Killing a process in Ruby is pretty straight forward. You just need to know the process ID for the process, and which signal you want to send:
Process.kill('INT', pid) # where pid is the process id of the process to be killed
A list of signals supported by your system is available from
Signal.list, but knowing which one to use is easier after looking at the definitions. I typically use
SIGINT (you can just use
INT in Ruby) to kill processes.
Something that I've always found messy (and error prone) is cleaning up a bunch of dependent processes that were spawned as part of an automated script. A common case for this is running integration tests where you have at least one process that is the server, a process that is running tests against that server, and potentially other helper processes for web browser automation, etc.
This is a hard problem because it isn't easy to know the process IDs for all of the child processes of a script. It may spawn additional processes, and commonly the process IDs returned to Ruby when spawning processes end up being incorrect due to redirection or process replacement.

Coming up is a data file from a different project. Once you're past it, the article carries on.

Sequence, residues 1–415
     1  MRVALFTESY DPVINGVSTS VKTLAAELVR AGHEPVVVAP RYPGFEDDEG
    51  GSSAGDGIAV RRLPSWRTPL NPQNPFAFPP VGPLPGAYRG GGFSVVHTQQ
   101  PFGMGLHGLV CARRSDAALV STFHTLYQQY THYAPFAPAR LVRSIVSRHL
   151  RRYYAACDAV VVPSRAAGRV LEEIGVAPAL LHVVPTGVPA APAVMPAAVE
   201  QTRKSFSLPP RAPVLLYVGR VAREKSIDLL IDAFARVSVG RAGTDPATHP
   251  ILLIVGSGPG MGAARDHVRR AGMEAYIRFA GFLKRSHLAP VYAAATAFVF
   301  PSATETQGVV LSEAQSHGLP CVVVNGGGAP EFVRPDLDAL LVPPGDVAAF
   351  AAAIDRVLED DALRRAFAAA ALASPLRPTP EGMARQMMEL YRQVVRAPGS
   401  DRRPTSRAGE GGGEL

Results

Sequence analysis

It turns out that there is a simple UNIX solution to this problem: process groups. By sending a signal to a process group instead of a single process ID, we are able to send it to all of a script's child processes without knowing their individual process IDs.
To do this, use
Process.getpgrp to get the process group of the current process, and pass it to
Process.kill as a negative number, which indicates the argument is a process group and not a process ID. And since the current process is going to receive the signal as well, use
trap to catch it and provide a clean exit. In a script used for testing, use a non-zero exit status if any tests failed.
It appears that it is also possible to use
0 as the second argument to
Process.kill, and have the same behavior. For the sake of clarity, though, I prefer the former option.
Everything in this article should work in POSIX environments, but I have no idea if it will work on Windows.